Here are a few thoughts on why venture capital firms and government funders could co-invest (and why they don't) in healthcare technology more often
By Dhevi Kumar, MA, MHS
Dhevi Kumar is interested in private and public sector investment in the global health space. She’s worked on public private partnerships throughout Eastern African and Haiti. She’s currently based in Seattle, Washington USA. The views expressed below are solely those of the Author
Why Don’t Venture Capital Firms and Government Funders Co-Invest in Healthcare Technology More Often?
Health tech has seen significant investment from the venture capital (VC) space as well as multi-million dollar government sponsored cooperative agreements. In 2018, VCs invested nearly $10.6 billion in healthcare startups. Government funded Cooperative Agreements typically issue five year awards of almost $100 million to support a host of treatment and preventive care services. Investors and funders both appear aligned in their support of emerging technologies that have the potential to make money and save lives.
And yet, venture capital firms and government funders tend not to collaborate on their investments in the healthcare technology space. In my own experience in the public-private intersection of digital health and data initiatives, I’ve often wondered why this is the case. The push towards standing up sustainable investments (products that will actually make their own money beyond their initial seed funding) aligns with both VC and philanthropic interests.
Given the shared goal of getting the most bang for the buck, it seems like entities on opposite ends of the funding spectrum would try to meet each other half way more often. Whether combined investments from public agencies and industry, or a philanthropic grant with matched investments from companies, start-ups, or even private individuals (different variations of public-private partnerships, or PPPs), the motivation to stretch a dollar/euro to get to a result faster seems like a no-brainer.
The pros of such collaborations revolve primarily around shared opportunities:
1) Mutual interest in leveraging data to improve health outcomes. Government entities hold critical access to vast datasets that startups can leverage for breakthroughs in the machine learning and artificial intelligence space.
2) Shared vision of fueling cutting edge research with an agile approach via an influx of capital; including rapid design, testing, iteration and refinement.
3) Shared investment also equals shared risk so no one entity shoulders the burden of success or failure – especially in a space where the consequences of failure could mean lives lost or threatened.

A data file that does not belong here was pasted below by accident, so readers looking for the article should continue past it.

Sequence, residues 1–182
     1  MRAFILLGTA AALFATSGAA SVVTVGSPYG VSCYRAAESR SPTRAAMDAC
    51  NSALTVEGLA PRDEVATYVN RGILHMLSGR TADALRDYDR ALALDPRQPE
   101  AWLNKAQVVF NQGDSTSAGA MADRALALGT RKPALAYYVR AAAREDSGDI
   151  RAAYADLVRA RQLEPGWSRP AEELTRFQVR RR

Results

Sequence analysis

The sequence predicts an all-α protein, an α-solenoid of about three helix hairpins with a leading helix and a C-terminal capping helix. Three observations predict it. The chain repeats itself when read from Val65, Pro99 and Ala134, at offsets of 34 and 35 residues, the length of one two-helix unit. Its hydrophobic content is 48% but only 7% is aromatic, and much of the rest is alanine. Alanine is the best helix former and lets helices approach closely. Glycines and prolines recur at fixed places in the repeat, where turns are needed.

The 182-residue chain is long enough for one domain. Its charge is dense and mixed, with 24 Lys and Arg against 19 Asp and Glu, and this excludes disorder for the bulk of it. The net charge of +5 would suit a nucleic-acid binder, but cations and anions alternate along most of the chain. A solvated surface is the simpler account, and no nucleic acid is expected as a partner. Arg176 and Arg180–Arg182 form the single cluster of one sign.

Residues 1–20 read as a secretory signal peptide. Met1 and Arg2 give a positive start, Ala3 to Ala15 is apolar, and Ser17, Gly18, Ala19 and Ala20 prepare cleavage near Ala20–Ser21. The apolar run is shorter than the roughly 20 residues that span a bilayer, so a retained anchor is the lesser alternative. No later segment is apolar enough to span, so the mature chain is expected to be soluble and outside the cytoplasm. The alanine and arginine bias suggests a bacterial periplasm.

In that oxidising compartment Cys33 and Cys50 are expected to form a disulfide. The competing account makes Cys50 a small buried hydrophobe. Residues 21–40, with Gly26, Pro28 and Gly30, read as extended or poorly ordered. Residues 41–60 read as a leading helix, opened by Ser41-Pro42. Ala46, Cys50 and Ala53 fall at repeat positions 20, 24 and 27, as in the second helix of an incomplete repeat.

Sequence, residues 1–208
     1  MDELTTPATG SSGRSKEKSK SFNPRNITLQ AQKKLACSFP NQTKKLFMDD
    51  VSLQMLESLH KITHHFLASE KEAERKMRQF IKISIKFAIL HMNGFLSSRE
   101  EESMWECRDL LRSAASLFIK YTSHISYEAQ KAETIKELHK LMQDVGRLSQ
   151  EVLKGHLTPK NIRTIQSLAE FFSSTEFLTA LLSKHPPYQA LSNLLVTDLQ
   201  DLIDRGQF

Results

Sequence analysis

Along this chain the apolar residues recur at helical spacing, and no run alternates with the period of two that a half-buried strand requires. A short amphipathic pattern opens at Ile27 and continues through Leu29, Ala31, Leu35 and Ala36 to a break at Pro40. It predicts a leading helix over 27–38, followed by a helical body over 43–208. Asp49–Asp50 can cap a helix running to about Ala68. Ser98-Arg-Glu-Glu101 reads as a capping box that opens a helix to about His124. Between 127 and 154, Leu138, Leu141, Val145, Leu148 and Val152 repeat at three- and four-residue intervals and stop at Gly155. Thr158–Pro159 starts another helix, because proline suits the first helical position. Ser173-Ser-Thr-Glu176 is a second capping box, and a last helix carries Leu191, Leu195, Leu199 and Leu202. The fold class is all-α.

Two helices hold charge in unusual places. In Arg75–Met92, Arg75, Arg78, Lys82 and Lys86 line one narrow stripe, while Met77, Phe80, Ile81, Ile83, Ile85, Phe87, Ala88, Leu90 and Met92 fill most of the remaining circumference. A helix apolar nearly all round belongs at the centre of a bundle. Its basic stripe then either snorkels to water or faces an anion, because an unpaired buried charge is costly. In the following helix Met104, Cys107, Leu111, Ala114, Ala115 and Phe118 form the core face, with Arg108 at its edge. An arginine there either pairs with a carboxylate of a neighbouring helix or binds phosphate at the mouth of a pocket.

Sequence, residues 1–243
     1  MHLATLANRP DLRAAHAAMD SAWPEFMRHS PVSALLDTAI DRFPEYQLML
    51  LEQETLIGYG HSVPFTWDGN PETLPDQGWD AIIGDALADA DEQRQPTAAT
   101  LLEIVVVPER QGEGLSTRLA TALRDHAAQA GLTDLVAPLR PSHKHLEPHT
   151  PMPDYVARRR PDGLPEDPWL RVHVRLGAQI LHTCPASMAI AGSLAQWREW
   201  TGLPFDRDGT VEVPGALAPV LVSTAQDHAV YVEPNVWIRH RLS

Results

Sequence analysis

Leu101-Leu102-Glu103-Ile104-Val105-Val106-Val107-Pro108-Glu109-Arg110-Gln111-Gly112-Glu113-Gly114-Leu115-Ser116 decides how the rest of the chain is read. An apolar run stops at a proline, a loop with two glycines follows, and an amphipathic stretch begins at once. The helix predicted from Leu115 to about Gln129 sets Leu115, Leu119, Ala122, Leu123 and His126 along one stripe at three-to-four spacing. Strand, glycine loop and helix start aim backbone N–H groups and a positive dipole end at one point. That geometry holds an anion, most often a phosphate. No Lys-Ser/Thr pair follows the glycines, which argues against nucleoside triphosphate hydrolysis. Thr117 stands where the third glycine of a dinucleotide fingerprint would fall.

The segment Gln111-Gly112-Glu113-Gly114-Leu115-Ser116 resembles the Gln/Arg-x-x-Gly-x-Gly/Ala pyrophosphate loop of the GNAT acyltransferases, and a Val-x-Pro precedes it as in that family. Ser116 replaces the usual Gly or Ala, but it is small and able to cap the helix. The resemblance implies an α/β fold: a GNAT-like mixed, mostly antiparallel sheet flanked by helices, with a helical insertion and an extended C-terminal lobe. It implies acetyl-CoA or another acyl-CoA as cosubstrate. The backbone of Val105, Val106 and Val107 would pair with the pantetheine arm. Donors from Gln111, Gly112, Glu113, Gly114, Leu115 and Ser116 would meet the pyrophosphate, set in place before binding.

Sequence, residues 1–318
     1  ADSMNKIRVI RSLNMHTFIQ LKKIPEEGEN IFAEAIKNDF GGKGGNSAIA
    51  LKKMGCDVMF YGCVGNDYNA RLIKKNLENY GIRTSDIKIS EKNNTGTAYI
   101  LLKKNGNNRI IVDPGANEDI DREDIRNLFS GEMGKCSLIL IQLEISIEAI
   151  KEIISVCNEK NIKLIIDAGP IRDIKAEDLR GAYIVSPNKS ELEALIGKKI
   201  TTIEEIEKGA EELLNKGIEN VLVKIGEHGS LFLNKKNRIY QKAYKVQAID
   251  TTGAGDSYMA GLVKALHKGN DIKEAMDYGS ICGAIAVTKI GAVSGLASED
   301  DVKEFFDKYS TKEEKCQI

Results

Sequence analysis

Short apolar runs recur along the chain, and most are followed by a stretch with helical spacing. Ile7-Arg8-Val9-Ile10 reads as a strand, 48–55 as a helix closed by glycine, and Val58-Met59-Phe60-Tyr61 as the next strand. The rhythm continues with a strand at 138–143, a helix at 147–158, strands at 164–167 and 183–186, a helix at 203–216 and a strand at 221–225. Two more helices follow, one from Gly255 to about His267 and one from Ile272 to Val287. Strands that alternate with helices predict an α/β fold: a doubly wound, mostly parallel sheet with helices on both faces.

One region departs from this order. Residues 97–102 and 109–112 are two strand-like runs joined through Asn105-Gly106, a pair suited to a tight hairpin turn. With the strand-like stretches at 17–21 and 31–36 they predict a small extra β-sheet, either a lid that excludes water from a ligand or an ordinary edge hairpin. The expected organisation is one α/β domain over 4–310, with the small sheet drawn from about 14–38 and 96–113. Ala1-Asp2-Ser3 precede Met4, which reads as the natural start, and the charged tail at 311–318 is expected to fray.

However there are also potential blockers that can threaten the success of these initiatives:
1) Government funding agencies and VC firms often have opposing timelines and metrics of success. VCs look for rapid ROI, while Government contracts look for alignment with complex policy mandates that are sometimes decades in the making.
2) Regulatory environment for healthcare technology doesn’t coincide with VC’s expectations to see ROI (return on investment) yesterday. Government grants are not typically focused on moving incubation stage ideas into go to market/commercialization phase, thus their lack of concern about sitting in stage gate approval purgatory.
3) Cultural clash. Allbirds sporting Silicon Valley players are typically not hanging out in the same circles as badge-wearing government policy wonks. Staying in separate sandboxes leads to missed opportunities to align on goals, share resources, and just play together!
Based on my experience in the health care PPP space, my conclusion is that as a collective industry we need more venues to bring together disparate groups of investors to deliberate meaningfully on co-investment. There may be a fleeting moment where say, an MD from an established VC finds herself on the same panel as the PPP lead from USAID. It’s very likely that some shared, good intentions will be thoughtfully discussed. They may even have some overlapping examples of investments in similar geographies or technologies. But those good intentions of actually figuring out a plan to get past the known blockers to make both private and public dollars go farther fizzles out by the time each panelist is on their respective flights back to San Jose and Washington DC.
We need both VCs and federal agencies to align their funding priorities and strategies prior to fund distribution. A coordinated funding approach could lead to some great ideas getting a longer runway to try, fail, improve and actually get it right. The outcomes could mean dollars saved and increased money earned for investors in both public and private arenas.
Who’s up for talking about these potential collaborations further? I’m proposing a working group with VCs in the healthcare tech space and public sector funders to have some targeted, coordinated conversations to strategize next steps. Please reach out to me at Dhevi.Kumar@gmail.com if interested.